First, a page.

Figure 1I have discussed the limitations of using rigid object categories in computer vision, and my CVPR 2008 work on Recognition as Association was a move towards developing a category-free model of objects. I was primarily concerned with local object recognition where the recognition problem was driven by the appearance/shape/texture features derived from within a segment (a region extraction from an image using an image segmentation algorithm). Recognition of objects was done locally and independently per region, since I did not have good model of category-free context at that time. I've given the problem of contextual object reasoning much thought over the past several years, and equipped with the power of graphical models and learning algorithms I now present a model for category-free object relationship reasoning.
Now its 2009, and its no surprise that I have a paper on context. Context is the new beast and all the cool kids are using it for scene understanding; however, categories are used so often for this problem that their use is rarely questioned. In my NIPS 2009 paper, I present a category-free model of object relationships and address the problem of context-only recognition where the goal is to recognize an object solely based on contextual cues. Figure 1 shows an example of such a prediction task. Given K objects and their spatial configuration, is it possible to predict the appearance of a hidden object at some spatial location?
I present a model called the Visual Memex (visualized in Figure 2), which is a non-parametric graph-based model of visual concepts and their interactions. Unlike traditional approaches to object-object modeling which learn potentials between every pair of categories (the number of such pairs scales quadratically with the number of categories), I make no category assumptions for context.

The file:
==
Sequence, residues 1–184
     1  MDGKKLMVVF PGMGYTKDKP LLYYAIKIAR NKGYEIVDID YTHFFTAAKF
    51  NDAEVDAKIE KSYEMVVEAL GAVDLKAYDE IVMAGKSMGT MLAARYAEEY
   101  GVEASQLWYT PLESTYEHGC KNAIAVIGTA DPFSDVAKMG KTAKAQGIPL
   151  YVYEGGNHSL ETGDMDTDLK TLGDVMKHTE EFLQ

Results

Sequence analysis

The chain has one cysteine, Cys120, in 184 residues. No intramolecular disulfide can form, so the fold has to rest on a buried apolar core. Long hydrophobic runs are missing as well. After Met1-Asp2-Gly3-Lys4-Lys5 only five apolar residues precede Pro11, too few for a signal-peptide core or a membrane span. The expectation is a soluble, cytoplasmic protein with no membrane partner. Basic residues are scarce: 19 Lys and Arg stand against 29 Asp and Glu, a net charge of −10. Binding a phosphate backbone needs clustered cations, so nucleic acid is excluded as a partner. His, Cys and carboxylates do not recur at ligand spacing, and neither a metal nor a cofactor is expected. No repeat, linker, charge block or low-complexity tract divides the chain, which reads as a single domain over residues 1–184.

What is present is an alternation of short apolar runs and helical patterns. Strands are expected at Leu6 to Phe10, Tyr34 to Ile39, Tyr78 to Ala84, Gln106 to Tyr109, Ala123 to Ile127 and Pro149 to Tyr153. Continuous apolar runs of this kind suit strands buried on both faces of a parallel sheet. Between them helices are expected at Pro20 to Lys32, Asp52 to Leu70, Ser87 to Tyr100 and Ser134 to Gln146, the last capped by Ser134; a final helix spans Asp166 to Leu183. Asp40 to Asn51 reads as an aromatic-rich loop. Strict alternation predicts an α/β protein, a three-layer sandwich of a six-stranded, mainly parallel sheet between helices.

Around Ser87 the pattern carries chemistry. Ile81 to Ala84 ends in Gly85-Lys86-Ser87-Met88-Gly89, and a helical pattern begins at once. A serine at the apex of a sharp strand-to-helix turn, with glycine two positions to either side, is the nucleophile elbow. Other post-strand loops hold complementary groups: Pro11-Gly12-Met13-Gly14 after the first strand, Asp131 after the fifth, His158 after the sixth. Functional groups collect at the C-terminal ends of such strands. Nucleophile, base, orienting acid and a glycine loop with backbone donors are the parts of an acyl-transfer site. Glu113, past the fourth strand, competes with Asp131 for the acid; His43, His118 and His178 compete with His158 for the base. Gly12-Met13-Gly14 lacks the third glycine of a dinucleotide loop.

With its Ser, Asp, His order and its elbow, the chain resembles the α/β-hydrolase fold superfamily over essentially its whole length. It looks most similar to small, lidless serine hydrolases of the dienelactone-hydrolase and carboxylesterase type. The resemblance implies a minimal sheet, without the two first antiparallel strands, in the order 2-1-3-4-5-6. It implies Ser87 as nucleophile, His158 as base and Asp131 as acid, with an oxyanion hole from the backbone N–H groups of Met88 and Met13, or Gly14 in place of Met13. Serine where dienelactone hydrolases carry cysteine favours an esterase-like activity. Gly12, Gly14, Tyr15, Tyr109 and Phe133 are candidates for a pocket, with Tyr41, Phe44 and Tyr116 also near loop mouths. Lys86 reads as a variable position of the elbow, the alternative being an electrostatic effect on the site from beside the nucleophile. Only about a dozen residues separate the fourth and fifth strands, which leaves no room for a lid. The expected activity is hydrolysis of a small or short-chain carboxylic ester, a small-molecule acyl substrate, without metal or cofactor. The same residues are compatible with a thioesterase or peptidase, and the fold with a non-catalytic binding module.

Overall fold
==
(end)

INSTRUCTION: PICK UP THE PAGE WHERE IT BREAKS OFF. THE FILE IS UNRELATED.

The official paper is out, and can be found on my project page:
Tomasz Malisiewicz, Alexei A. Efros. Beyond Categories: The Visual Memex Model for Reasoning About Object Relationships. In NIPS, December 2009. PDF
Abstract: The use of context is critical for scene understanding in computer vision, where the recognition of an object is driven by both local appearance and the object's relationship to other elements of the scene (context). Most current approaches rely on modeling the relationships between object categories as a source of context. In this paper we seek to move beyond categories to provide a richer appearance-based model of context. We present an exemplar-based model of objects and their relationships, the Visual Memex, that encodes both local appearance and 2D spatial context between object instances. We evaluate our model on Torralba's proposed Context Challenge against a baseline category-based system. Our experiments suggest that moving beyond categories for context modeling appears to be quite beneficial, and may be the critical missing ingredient in scene understanding systems.
I gave at talk about my work yesterday at CMU's Misc-read and received some good feedback. I'll be at NIPS this December representing this body of research.